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Which type of dressing should the nurse apply until a wound specialist can be contacted?

Which type of dressing should the nurse apply until a wound specialist can be contacted?

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While examining a client's leg, a nurse notes an open ulceration with visible granulation tissue in the wound.

This question is part of basic physical care (part 1)

Asked by Annakutty, Last updated: Oct 24, 2020

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3 Answers

D. Ronald

D. Ronald

D. Ronald
D. Ronald, Writer, Austin

Answered Nov 05, 2018

There are certain types of wound dressings that a nurse can apply to a wound on a patient. One is called occlusive which is usually made out of some kind of plastic. It stretches over the wound in order for air not to seep in. The compress is a thick bandage usually applied to a bleeding wound. The trauma dressing is a large sterile dressing and it is used to cover a big wound.

Smaller wounds can be bandaged with adhesive strips like Band-aids. Usually a wound specialist would know exactly which bandage to put on the wound due to the size and the type of wound it is. A moist clean saline gauze and bandage would be needed if there is an open wound with tissue.

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M. Kennedy

M. Kennedy

M. Kennedy
M. Kennedy, Web Content Writer, Denver

Answered Oct 23, 2018

Dressings are a sterile pad or compress applied to a wound to facilitate healing and protect the wound from more harm. A dressing is designed to contact the wound directly, as distinguished from the bandage, which is often used to hold a dressing in place. Many modern dressings are self-adhesive.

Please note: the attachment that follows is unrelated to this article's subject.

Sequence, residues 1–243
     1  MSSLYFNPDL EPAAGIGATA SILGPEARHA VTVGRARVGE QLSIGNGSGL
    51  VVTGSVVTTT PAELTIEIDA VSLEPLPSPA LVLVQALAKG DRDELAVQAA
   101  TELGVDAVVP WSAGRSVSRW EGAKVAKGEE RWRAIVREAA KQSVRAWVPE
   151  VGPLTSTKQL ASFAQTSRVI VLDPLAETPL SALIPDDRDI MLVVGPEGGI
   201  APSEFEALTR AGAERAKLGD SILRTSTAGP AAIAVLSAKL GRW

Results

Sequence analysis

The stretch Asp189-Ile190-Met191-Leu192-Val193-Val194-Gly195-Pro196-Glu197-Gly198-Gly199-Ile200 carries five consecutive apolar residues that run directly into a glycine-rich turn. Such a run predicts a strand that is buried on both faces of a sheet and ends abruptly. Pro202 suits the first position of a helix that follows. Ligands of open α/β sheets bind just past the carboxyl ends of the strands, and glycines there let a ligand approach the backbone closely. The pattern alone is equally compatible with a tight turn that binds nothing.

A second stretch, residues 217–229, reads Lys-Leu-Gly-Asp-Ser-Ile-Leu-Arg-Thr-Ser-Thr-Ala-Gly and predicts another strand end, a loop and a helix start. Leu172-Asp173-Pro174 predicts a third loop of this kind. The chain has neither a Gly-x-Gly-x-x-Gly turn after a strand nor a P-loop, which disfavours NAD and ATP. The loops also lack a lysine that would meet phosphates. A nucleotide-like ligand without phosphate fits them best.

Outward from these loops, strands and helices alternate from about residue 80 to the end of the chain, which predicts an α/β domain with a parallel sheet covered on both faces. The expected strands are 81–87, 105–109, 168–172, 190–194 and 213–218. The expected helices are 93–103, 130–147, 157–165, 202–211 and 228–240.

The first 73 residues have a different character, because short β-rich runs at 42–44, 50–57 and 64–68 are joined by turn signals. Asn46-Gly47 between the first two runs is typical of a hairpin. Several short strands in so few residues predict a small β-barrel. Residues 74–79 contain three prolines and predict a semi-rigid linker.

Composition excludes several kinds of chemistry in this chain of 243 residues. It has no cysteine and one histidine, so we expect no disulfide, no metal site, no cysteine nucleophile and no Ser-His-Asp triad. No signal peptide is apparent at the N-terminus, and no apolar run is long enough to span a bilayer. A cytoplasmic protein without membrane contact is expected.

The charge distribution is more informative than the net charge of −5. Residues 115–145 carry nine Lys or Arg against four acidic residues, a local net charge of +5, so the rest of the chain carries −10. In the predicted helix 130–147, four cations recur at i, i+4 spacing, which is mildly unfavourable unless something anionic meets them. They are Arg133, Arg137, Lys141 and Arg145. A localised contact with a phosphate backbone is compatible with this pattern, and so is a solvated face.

A dressing can have many purposes, depending upon the type, severity, and position of the wound. Bandages protect wounds from further harm or infection. It promotes healing by providing a sterile, breathable, and moist environment that reduces the risk of infection, help the wound heal quickly, and minimize scarring.

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John Smith

John Smith

John Smith
John Smith

Answered Sep 09, 2016

Moist sterile saline gauze-rationale: moist sterile saline dressings support wound healing and are cost-effective. dry sterile dressings adhere to the wound and debride the tissue when removed. petroleum supports healing but is expensive. povidone-iodine is used as an antiseptic cleaning agent but because it can irritate epithelial cells, it shouldnt be left on an open wound.client needs category: safe, effective care environmentclient needs subcategory: safety and infection controlcognitive level: applicationreference: smeltzer, s.c., and bare, b. brunner & suddarths textbook of medical surgical-nursing, 11th ed. philadelphia: lippincott williams & wilkins, 2008, p. 1947.
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